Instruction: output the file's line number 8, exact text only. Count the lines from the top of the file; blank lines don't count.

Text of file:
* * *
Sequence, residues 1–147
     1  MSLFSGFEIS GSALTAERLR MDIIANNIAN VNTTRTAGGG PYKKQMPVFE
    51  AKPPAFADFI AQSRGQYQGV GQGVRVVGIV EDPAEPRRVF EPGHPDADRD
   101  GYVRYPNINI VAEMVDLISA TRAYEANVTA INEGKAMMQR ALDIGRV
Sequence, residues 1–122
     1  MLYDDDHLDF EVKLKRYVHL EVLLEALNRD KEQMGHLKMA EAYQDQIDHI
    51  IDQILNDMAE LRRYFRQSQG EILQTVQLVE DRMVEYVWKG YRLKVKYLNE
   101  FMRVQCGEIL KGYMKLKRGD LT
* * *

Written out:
   101  FMRVQCGEIL KGYMKLKRGD LT